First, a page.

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Only 3% Learn About Self Employment in Further Education

While the UK is going through a self employment revolution right now it appears your average college and university have not got the memo.

This comes on the back of research which suggests that only 1% of freelance professionals learnt about self employment in college, with a further 2% learning about it in university.

Instead, the message in college and university still very much seems to be a traditional one with “get a job” or “choose a career” being the main things you will hear.

Despite students not hearing words like “go out on your own” or “work for yourself,” that hasn’t deterred the British public from setting up their own shop though, especially 16 to 29 year olds who are really embracing the freelance and contractor lifestyle.

Recent estimates put our nations self employed at nearly 5 million strong, with some experts claiming it won’t be long until we hit 10 million. I’m not sure this figure will be reached anytime soon, but the one thing I do know, is that if college and universities have anything to do with it we won’t ever get there.

To give you an example of how out of touch further education is with self employment…the arts and media industries is currently going through boom times in the UK with thousands of people working for themselves in this area, but in college and universities there is absolutely no education regarding self employment in arts or media subjects.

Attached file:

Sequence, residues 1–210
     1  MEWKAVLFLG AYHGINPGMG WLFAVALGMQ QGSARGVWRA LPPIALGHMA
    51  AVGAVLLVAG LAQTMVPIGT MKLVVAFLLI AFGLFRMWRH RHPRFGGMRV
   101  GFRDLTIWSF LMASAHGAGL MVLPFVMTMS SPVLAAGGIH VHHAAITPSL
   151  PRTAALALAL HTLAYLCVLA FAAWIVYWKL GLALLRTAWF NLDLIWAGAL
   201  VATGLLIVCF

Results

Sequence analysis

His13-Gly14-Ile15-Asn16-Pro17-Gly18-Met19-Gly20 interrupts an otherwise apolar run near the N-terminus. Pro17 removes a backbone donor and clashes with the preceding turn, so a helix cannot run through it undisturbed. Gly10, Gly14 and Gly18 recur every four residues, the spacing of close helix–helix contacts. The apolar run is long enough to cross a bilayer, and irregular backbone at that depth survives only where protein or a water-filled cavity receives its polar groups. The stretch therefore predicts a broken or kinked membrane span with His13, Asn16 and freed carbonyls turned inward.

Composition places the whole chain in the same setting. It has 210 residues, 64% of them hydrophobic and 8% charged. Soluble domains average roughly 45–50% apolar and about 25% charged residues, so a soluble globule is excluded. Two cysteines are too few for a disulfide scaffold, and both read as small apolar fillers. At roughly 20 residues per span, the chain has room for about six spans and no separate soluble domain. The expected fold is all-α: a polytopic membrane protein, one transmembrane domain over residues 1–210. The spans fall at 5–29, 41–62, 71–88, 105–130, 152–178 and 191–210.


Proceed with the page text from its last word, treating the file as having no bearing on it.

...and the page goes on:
You couldn’t make it up really, and it just goes to show how far behind the times many of these places are.

Things are changing, although slowly, as organisations such as the IEEC (International Entrepreneurship Educators Conference) are touring cities around the UK to better educate the educators, so to speak.

Not only that, but some further education establishments are catching up and getting with the times. Take Middlesex University as an example, who are currently implementing modules within their courses that provides guidance on entrepreneurship and self employment.

The IPSE (Independent Professionals and the Self Employed) have also gave their opinion on all of this, and what they say is that many young people want to work for themselves but are put off because they don’t yet have a “big idea.”

Maybe TV shows like Dragons Den and The Apprentice have put too much emphasis on the so called “big idea” in order to start a business or go self employed, and this is also what is taught in further education.

Instead, the message to young people should be more realistic if you ask me, with a major focus on the fact that it really is all about getting started and gaining experience.

Sometimes that “big idea” or “big break” comes when you least expect it, but you have to be in a position to take advantage of it.

Of course, many young people are not taught anything about self employment in college and university, which means many of them have to work it out themselves.

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